Women’s and junior golf clubs are very similar when it comes to design, at first glance. There are, however, some key differences when it comes to technical features such as the build and weight.
Both women’s and junior golf clubs offer lightweight properties, but the main difference is in length, more than the shaft flex. If you’re looking for the best golf clubs for women, ladies who are shorter than average might find junior clubs suitable.
Let’s look at the differences now so that you can decide for yourself.
What is The Difference Between Women’s and Junior Golf Clubs?
It’s important first to note that junior clubs come in various sizes, whereas woman’s clubs don’t. Entry-level junior clubs are designed for small children under the age of 5 to 6 years of age. These clubs are very short in comparison to standard women’s clubs.
To give you an idea, the 9-iron length of a junior set designed for a child that is about 48 inches in height is 26.5 inches. The standard 9 iron length of a women’s club is 35 inches.
However, junior golf clubs designed for older kids (aged 13 and above) are roughly the same length as that of standard women’s clubs. The standard length of a 9 iron in junior sets for kids taller than 5 feet is 33 inches, so only 2 inches shorter.
In addition to length, junior and women’s clubs also vary in shaft flex. Both come standard with graphite shafts, but the flex of these shafts differs. Women’s clubs feature ladies flex shafts, and junior clubs come standard with junior flex shafts.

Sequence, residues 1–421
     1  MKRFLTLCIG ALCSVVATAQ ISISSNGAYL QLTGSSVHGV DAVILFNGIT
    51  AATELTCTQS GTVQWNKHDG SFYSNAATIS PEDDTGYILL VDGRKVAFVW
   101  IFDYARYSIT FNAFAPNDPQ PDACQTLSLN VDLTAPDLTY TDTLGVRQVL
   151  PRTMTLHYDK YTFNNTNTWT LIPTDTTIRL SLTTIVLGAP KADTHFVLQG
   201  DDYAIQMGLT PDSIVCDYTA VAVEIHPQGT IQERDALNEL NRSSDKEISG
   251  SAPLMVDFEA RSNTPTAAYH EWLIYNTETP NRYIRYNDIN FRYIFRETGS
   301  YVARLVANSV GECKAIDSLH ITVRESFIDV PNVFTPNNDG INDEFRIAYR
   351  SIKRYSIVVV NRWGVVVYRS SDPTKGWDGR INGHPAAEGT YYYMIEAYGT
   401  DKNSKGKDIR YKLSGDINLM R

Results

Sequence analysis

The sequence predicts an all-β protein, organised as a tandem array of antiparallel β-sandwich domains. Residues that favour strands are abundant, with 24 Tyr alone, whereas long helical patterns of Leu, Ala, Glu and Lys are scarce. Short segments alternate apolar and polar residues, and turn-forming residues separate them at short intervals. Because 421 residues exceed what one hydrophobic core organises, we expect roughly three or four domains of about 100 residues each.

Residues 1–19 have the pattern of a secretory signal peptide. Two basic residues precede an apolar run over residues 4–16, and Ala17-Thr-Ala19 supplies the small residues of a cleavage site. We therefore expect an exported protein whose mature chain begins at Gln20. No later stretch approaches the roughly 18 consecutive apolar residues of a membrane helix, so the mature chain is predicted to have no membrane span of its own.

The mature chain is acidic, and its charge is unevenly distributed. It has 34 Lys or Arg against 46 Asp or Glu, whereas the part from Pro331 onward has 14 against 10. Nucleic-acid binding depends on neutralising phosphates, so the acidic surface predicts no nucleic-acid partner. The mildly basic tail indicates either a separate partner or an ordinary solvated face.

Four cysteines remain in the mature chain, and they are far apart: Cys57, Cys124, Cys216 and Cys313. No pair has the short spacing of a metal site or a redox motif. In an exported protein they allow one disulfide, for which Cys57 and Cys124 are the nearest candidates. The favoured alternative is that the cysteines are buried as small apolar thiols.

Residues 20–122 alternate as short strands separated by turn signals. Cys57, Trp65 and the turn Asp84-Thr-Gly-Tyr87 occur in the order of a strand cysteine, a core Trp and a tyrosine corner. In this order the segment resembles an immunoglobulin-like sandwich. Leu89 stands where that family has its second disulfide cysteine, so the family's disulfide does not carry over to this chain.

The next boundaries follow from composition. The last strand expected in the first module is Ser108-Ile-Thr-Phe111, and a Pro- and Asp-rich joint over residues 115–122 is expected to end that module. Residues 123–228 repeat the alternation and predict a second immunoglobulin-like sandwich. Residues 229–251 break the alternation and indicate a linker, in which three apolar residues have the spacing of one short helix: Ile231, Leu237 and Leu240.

Both standard shaft choices for these clubs respectively are very lightweight and offer maximum flex. This additional flex is ideal for slow swinging players such as juniors and women.
Most junior sets are complete sets and can come with a driver, fairway wood, hybrid, long iron, short iron, wedge, and putter. These beginner sets usually are color-coded by the manufacturer according to juniors of different ages and heights.
This is an essential factor to keep in mind for female golfers thinking about playing with a junior set. If you are thinking about switching to a junior set, make sure to look at options that include a complete set.
The average junior set retails at a lower price point than the average women’s set. Still, this low price point comes with compromises.
Junior sets for older kids feature various design elements to ensure maximum performance. But in most cases, junior sets don’t feature the same level of technology that can be found in women’s sets from leading manufacturers.
Reduction in the amount of technology is the most evident when looking at the driver and putter designs within junior sets.
Technology can be a game-changer for slow-swinging players. Female players that are considering the switch to junior clubs need to keep this in mind. Saving at the till, unfortunately, won’t translate into saving shots on course.
Can a Woman Use Junior Golf Clubs?
There is no reason why a woman can’t play with junior clubs, but deciding to do so will require you to compromise.
The standard length of junior clubs for teens and women’s clubs differs by roughly 2 inches. This difference in height makes junior clubs an excellent option for women golfers shorter than average height. Playing with a junior set might fix this female player’s length issue when buying clubs. Still, she will have to compromise on technology.
Furthermore, junior clubs very rarely come in complete sets. If you want a full set, you will have to purchase additional hybrids, fairway woods, and wedges to fill up your bag to 14 clubs.
The design of junior golf clubs has come a long way over the last decade, thanks to the rising interest of juniors taking up the game of golf. Junior and women’s clubs share similarities in terms of weight, length, and shaft flex. Despite these similarities, women’s clubs feature more advanced designs from a technology point.
Junior clubs are an option for female golfers that are shorter than the average female golfer. But the decision to play with junior clubs won’t be without compromise in terms of technology and set composition.